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Unknown comments on Circular Altruism - Less Wrong

40 Post author: Eliezer_Yudkowsky 22 January 2008 06:00PM

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Comment author: Unknown 22 January 2008 07:34:05PM 8 points [-]

One can easily make an argument like the torture vs. dust specks argument to show that the Repugnant Conclusion is not only not repugnant, but certainly true.

More intuitively, if it weren't true, we could find some population of 10,000 persons at some high standard of living, such that it would be morally praiseworthy to save their lives at the cost of a googolplex galaxies filled with intelligent beings. Most people would immediately say that this is false, and so the Repugnant Conclusion is true.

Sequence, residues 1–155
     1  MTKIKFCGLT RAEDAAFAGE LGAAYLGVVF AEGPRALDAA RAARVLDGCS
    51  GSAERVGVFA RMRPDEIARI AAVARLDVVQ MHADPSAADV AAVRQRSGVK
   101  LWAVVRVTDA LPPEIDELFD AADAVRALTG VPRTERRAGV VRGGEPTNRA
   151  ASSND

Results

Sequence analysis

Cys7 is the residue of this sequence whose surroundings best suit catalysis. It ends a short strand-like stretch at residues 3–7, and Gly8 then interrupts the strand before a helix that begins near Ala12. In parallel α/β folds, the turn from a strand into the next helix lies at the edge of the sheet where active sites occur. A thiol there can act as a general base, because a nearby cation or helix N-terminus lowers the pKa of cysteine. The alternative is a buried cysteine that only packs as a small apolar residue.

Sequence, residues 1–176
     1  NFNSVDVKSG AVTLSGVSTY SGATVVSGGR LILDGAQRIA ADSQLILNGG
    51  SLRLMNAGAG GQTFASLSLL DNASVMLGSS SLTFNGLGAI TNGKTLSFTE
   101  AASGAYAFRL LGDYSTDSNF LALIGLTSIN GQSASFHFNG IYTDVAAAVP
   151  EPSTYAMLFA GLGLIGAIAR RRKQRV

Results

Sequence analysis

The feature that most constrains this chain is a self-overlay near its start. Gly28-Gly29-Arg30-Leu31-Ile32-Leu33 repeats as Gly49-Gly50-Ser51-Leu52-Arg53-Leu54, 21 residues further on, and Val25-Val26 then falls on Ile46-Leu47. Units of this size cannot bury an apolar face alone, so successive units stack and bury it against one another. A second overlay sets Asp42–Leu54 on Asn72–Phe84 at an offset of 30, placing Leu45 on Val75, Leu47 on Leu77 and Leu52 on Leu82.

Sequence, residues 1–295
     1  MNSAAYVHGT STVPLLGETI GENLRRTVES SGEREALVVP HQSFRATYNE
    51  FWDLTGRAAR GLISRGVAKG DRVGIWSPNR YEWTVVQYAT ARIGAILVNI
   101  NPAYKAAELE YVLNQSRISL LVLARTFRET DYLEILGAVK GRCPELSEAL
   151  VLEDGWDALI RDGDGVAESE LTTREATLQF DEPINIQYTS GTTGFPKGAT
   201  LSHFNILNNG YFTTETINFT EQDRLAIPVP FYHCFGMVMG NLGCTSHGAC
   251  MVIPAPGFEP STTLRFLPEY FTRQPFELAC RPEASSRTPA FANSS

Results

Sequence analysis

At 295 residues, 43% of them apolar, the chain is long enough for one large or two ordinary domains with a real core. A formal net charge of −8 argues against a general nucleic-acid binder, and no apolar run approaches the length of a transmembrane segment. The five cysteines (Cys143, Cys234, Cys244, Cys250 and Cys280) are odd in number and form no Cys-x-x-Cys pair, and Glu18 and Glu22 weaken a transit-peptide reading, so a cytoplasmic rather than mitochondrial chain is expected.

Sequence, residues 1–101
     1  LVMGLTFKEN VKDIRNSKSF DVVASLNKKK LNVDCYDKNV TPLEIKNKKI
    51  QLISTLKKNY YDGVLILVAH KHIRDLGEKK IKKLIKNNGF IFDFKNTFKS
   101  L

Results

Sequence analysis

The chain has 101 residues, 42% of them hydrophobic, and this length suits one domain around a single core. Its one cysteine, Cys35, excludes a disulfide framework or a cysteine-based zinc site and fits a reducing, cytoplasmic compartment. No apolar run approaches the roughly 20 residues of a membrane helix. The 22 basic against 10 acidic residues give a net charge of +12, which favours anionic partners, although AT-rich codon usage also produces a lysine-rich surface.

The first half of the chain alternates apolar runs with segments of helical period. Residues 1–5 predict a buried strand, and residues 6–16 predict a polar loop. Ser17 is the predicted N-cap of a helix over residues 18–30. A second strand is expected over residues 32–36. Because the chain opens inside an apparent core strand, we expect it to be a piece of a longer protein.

Comment author: AlexanderRM 27 March 2015 09:50:15PM 0 points [-]

Note here that the difference is between the deaths of currently-living people, and preventing the births of potential people. In hedonic utilitarian terms it's the same, but you can have other utilitarian schemes (ex. choice utilitarianism as I commented above) where death either has an inherent negative value, or violates the person's preferences against dying.

BTW note that even if you draw no distinction, your thought experiment doesn't necessarily prove the Repugnant Conclusion. The third option is to say that because the Repugnant Conclusion is false, it must be that the automatic response to your thought experiment is incorrect, i.e. that it's OK to wipe out a googolplex galaxies full of people with lives barely worth living to save 10,000 people. Although I feel like most people, if they rejected the killing/preventing birth distinction, would go with the Repugnant Conclusion over that.

Comment author: dxu 27 March 2015 09:57:48PM *  0 points [-]

Interestingly enough, I don't find the Repugnant Conclusion all that repugnant. Is there anyone else here who shares this intuition?